by Ethanol-fueled (2792) on Saturday September 23 2017, @12:26AM (#571914) Homepage

    The spontaneous horrific fiery crashes of Tesla have teamed up with the decimal point-misplacing precision of AMD to bring you the ultimate In-Q-Tel-funded killmobiles! For national security!

    • (Score: 4, Insightful) by urza9814 on Saturday September 23 2017, @12:32AM

      by urza9814 (3954) on Saturday September 23 2017, @12:32AM (#571915) Journal

      the decimal point-misplacing precision of AMD

      Got a citation for that? The only such bug I can find was the well-known one from Intel:
      https://en.wikipedia.org/wiki/Pentium_FDIV_bug [wikipedia.org]

    • (Score: 0) by Anonymous Coward on Saturday September 23 2017, @01:52AM

      by Anonymous Coward on Saturday September 23 2017, @01:52AM (#571938)

      And it doesn't even run on alcohol? Or any other freedom fuel for that matter? For shame!

    • (Score: 1, Informative) by Anonymous Coward on Saturday September 23 2017, @04:04AM (1 child)

      by Anonymous Coward on Saturday September 23 2017, @04:04AM (#571994)

      This story was refuted in the comments on slashdot when it was posted yesterday. This was fake news yesterday and is fake news today. Go check the comments if in doubt.

      Wish beauhd or msmash or whoever keeps cross posting these fucking articles would get banned.

      • (Score: 3, Interesting) by steveha on Saturday September 23 2017, @08:51AM

        by steveha (4100) on Saturday September 23 2017, @08:51AM (#572044)

        Wish beauhd or msmash or whoever keeps cross posting these fucking articles would get banned.

        Hi, I submitted the story about a half day before it went up at Slashdot. I don't know when the Slashdot story was submitted, but it could have been submitted after I submitted mine if they grab stories out of their queue faster.

        It's not great that it appeared here after it appeared on Slashdot and was debunked, but I'm not angry about it.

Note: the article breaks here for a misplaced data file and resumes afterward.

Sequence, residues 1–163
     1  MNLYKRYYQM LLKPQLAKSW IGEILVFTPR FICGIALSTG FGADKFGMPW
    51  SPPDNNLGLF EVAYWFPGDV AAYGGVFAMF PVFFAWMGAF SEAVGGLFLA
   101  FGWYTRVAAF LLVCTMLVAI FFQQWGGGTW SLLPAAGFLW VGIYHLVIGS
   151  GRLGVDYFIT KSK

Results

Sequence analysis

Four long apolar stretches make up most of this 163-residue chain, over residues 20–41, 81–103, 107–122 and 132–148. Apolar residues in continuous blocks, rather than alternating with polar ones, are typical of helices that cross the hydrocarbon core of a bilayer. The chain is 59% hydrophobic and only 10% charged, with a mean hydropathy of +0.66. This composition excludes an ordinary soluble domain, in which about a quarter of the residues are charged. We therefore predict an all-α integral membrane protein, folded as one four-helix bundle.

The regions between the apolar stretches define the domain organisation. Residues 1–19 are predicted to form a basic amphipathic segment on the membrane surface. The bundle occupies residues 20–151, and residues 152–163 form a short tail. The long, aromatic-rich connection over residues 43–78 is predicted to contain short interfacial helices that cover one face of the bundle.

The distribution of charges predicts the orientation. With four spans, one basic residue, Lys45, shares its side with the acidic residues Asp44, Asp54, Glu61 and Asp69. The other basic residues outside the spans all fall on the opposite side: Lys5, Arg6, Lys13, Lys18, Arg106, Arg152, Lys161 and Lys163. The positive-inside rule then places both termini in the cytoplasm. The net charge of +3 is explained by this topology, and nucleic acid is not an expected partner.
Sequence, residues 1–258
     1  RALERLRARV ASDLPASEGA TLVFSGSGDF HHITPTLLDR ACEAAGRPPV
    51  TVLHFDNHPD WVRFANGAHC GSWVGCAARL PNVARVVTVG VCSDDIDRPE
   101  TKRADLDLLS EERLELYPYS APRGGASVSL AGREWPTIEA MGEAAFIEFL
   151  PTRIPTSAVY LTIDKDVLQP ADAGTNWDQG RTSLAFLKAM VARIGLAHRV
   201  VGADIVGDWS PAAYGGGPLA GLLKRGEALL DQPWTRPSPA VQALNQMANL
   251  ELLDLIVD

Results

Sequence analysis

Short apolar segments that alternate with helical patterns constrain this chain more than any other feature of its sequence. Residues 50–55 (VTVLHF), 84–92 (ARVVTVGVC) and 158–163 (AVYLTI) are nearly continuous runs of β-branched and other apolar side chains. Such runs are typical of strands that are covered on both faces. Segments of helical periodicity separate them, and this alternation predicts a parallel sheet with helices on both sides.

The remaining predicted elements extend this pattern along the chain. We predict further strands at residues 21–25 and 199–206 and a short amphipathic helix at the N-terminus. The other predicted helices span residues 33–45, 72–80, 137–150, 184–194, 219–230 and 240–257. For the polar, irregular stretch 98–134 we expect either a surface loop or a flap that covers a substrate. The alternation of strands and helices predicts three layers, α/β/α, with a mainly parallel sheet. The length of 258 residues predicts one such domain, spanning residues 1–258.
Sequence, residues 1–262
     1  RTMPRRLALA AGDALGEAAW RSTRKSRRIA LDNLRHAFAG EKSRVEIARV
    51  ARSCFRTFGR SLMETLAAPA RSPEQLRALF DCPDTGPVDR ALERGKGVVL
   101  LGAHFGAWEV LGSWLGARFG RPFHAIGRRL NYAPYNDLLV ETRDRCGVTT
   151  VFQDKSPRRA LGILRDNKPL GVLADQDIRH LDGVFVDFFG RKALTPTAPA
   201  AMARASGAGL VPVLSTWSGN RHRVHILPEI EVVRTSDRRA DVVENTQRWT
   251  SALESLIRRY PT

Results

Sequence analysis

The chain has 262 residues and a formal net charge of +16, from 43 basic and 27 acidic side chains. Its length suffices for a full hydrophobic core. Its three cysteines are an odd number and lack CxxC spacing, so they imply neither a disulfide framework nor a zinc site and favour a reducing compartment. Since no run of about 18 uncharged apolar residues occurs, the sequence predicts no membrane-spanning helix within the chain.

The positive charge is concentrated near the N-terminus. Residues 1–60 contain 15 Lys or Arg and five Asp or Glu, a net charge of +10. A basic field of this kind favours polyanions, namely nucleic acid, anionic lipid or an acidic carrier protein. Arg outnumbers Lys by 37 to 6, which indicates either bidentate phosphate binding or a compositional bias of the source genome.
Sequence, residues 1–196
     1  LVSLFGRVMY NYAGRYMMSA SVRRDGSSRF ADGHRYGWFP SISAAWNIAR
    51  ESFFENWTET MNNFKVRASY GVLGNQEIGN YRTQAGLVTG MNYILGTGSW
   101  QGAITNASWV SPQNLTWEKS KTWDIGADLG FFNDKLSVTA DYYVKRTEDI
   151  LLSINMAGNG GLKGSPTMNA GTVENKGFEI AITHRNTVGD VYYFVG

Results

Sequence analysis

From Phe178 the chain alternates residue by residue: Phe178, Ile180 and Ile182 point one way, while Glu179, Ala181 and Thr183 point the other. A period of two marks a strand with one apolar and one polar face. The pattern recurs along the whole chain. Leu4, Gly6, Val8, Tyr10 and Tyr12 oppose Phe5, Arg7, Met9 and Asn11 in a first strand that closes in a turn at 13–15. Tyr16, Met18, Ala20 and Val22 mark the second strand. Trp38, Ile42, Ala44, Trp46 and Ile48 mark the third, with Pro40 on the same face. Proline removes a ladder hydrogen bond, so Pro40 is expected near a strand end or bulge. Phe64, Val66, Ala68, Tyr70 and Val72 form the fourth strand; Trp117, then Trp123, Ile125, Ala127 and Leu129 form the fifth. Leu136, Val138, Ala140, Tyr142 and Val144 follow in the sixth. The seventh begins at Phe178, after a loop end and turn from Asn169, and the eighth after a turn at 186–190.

Also, I was careful to put the word "Reportedly" in the headline. The story I submitted was correct: CNBC did report that according to "a source" this story was true. Please don't accuse me of spreading "fake news".

        The definitive debunking comment was this one: https://hardware.slashdot.org/comments.pl?sid=11141441&cid=55238497 [slashdot.org] That was posted by Charlie Demerjian, an editor at the SemiAccurate [semiaccurate.com] web site. (Or at least that's who that poster claims to be.)

        I really wonder if the "source" who tipped off CNBC was holding a short position in AMD stock or something.

  • (Score: 1) by khallow on Saturday September 23 2017, @10:48AM (1 child)

    by khallow (3766) Subscriber Badge on Saturday September 23 2017, @10:48AM (#572068) Journal
    Ok, so this is a fake news story. Let's try to recover something from the exercise. If hypothetically one were to develop a CPU, GPU, or whatnot for supporting an self-driving application, what sort of stuff would be good to stick in there? Massive I/O bandwidth? Image processing support?
    • (Score: 0) by Anonymous Coward on Saturday September 23 2017, @12:22PM

      by Anonymous Coward on Saturday September 23 2017, @12:22PM (#572082)

      Here's what Nvidia is pitching,
          http://www.nvidia.com/object/drive-px.html [nvidia.com]

      But this market is a fast moving target (like pedestrians??), with new sensors and new algorithms all the time.

(1)